Zook Factor: I did not notice Frank Beamer do anything Zookian. This should not come as a surprise.
OVERVIEW: Ideally (for them) Virginia Tech is going to find the edge with Wilson, get him eating up big chunks of yardage behind some pulling linemen—they love the POWER run—then unleash their play-action passing game with Thomas, a pretty accurate QB with a very strong arm. Most of VT's passes were either downfield strikes off of run fakes or quick hitters to the middle of the field out of the gun. I guess there's also a third category—panicked dumpoffs by Thomas when his O-line collapses, which occurred with regularity against the Tigers. The blitz will be key for Michigan, as not only is VT's line suspect, but Thomas often holds onto the ball too long and is very hesitant to throw downfield against a good rush.
The Wolverine defense will have to be sound underneath, as not only does Thomas love hitting quick slants, but he often dumps the ball off to Wilson when all else fails. While Wilson has suspect hands, he's very good in space, so making sure he's accounted for is a priority on any play, run or pass. Clemson was rather successful in this regard:
You may notice the total ownage of all things interior O-line on the above play. That was a theme. Let's skip right to the...
PLAY BREAKDOWN: I cut way too many videos from this game, so let's dive right in. As stated, offensive line looks to be a weak point for Virginia Tech, especially in the interior. Here's a miserably-failed attempt at running the inverted veer:
While that blocking wasn't terrible—that's mostly a great play by #40 on Clemson—the O-line can't get any sort of push, and that was a common thread throughout the ACC title game. This play also shows off another potential issue for VT, which BWS picked up on from watching them play Miami (YTM):
Ball security. This probably isn't a trend, but Thomas had a lot of trouble with ball security. He bobbled and fumbled one snap and failed to tuck the ball when he was pressured on another play and fumbled it. There was also another poor snap during the game that had to be recovered. I don't know if these are consistent problems, but they certainly were during this game.
I think we now have a trend. Thomas lost the above fumble after a review, and on several other runs he failed to tuck the ball away, nearly losing it a couple times when taking hits. Michigan's opportunistic defense should have more opportunities for turnovers when Thomas tucks and runs. As for VT's run game from under center, Clemson shut that down as well, again thanks to terrible blocking in the middle:
Mike Martin should be chomping at the bit to get after these guys, as they were bull-rushed into oblivion by the Tigers. Wilson doesn't help here, either, as he comes to a complete stop in the backfield instead of cutting to the backside—when a play breaks down and there's no chance to bounce it out playside, he looks pretty pedestrian. Despite lacking a run game entirely, however, the Hokies still managed to get a big play out of their play-action game:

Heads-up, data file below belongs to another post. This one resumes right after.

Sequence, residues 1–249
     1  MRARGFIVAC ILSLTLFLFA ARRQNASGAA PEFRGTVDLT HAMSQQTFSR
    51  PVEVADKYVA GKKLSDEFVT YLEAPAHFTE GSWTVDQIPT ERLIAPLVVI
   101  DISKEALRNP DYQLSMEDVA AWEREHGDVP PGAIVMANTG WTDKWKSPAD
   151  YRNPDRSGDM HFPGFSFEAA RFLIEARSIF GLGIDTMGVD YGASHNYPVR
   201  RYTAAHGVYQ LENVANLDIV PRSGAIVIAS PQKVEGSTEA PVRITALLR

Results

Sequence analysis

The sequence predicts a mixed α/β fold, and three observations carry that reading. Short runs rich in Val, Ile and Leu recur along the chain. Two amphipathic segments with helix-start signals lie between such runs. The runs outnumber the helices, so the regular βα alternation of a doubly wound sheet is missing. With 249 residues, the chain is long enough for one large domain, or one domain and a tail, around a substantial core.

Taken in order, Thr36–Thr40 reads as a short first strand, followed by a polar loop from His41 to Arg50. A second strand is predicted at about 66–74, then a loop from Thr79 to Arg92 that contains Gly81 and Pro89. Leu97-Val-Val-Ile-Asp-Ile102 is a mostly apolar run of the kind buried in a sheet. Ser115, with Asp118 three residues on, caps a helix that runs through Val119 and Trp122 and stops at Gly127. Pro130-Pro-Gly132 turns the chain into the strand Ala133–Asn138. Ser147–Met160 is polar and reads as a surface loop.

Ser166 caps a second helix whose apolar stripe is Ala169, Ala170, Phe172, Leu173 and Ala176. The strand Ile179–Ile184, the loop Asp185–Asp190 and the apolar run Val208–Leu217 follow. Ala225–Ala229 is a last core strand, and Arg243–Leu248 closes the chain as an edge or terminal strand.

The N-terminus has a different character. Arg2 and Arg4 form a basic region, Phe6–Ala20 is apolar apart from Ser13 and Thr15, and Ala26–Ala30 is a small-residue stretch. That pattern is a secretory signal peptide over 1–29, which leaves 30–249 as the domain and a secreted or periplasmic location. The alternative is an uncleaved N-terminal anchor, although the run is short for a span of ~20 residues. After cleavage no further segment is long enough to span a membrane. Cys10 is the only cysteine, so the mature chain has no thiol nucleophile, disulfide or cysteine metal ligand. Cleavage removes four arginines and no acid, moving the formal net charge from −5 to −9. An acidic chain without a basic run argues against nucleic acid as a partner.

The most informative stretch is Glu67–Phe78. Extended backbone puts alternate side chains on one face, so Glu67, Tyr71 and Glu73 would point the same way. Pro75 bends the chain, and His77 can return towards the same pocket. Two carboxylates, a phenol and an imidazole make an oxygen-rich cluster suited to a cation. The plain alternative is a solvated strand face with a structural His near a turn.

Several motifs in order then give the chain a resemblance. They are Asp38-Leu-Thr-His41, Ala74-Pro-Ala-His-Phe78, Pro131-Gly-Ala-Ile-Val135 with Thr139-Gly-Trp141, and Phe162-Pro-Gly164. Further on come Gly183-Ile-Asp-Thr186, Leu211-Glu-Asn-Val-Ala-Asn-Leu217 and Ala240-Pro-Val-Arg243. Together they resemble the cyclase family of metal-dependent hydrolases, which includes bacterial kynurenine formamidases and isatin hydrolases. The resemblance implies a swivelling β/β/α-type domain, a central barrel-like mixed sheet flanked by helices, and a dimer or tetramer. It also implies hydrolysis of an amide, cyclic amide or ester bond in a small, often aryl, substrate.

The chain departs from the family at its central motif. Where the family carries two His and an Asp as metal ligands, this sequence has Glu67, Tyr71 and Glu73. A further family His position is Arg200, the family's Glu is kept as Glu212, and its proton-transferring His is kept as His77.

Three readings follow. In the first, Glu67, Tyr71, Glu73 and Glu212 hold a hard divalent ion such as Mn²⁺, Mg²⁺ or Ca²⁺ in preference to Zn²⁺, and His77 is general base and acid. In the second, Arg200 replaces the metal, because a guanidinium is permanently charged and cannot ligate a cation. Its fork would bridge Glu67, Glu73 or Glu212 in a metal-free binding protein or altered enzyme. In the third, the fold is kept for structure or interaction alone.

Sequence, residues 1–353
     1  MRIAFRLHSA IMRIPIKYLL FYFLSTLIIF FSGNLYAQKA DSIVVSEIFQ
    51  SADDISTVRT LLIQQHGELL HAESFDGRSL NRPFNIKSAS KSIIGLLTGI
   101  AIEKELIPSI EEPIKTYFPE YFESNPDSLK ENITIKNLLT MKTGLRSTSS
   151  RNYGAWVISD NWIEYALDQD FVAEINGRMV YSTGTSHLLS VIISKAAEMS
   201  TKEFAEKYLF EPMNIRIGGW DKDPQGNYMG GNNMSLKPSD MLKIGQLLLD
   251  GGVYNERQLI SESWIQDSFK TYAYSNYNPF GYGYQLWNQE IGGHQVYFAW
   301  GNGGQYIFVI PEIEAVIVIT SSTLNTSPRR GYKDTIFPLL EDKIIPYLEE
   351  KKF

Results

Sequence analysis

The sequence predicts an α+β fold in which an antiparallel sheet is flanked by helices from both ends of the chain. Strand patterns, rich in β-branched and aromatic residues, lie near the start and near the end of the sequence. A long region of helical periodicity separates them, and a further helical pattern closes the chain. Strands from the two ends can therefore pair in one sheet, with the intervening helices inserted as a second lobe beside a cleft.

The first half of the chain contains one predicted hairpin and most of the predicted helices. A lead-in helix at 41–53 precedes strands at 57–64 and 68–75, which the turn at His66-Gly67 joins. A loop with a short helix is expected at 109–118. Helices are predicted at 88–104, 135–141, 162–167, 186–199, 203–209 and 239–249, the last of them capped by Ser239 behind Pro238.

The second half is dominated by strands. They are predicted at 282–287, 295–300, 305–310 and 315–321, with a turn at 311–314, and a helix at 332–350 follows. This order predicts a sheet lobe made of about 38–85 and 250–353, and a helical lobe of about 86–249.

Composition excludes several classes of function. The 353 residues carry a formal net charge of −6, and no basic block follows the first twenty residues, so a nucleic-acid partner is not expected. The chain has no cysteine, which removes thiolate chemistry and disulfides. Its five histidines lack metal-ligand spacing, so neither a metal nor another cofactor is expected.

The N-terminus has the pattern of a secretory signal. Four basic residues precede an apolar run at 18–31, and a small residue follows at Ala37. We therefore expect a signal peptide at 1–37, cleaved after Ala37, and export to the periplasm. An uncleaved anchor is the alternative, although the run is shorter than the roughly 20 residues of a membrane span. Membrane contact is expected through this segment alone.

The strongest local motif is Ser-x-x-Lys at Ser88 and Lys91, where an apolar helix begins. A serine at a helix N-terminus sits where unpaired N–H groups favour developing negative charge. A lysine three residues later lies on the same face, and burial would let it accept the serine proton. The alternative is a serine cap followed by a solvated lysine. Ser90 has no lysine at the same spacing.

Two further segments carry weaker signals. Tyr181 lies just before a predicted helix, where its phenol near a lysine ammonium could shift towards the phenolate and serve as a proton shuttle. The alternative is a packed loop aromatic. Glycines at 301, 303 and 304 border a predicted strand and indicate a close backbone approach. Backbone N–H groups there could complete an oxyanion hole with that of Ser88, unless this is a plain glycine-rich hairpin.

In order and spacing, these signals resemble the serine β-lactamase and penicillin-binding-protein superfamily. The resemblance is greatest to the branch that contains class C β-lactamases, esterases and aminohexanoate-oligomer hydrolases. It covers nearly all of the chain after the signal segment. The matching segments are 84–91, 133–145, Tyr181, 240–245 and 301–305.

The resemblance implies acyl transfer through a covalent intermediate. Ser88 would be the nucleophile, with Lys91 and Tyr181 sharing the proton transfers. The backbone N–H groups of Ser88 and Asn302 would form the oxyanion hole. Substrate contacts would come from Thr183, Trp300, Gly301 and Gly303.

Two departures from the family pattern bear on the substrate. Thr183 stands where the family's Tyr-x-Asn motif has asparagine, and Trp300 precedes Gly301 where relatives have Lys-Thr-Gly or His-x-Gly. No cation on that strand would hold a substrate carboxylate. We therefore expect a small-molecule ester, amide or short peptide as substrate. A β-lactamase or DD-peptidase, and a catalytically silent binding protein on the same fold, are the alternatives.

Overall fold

Clemson had a lot of success by loading up the box and playing very aggressively against the run while playing one deep safety with man coverage, but this is the flip side—the defensive backs must be on top of their game, and they obviously slipped up here. Thomas does those Juice Williams-esque long play fakes and his deep throws are quite accurate. 'No duh' statement of the day: the safeties are going to have to play like they did the first 11 games of the year, because if they repeat their Ohio State performance, it could be a long night.
Thomas is at his best when he gets time in the pocket so he can wait on his first or second read to come open—if those aren't there, he's going to check down to the back—and hit those intermediate throws. His arm strength is not an issue:
That's a fantastic throw between two zones, albeit a slightly dangerous one. Thomas got picked off twice in the fourth quarter after the Hokies fell behind by 28—he'll force a couple passes into tight windows, and Michigan needs to be able to take advantage.
- VT has a solid group of receivers, but there's no one guy that stands out as particularly impressive. Senior Danny Coale and Jarrett Boykin both have over 50 catches and 700 yards, though they accumulate their numbers in differing fashion: Coale is quick and shifty—he also returns punts (and actually punts, more on that later)—and does a lot of his damage after the catch, while Boykin is a bigger target with great hands who is a solid possession guy but not a huge big-play threat. One guy to watch is Marcus Davis, who averages over 17 yards per catch.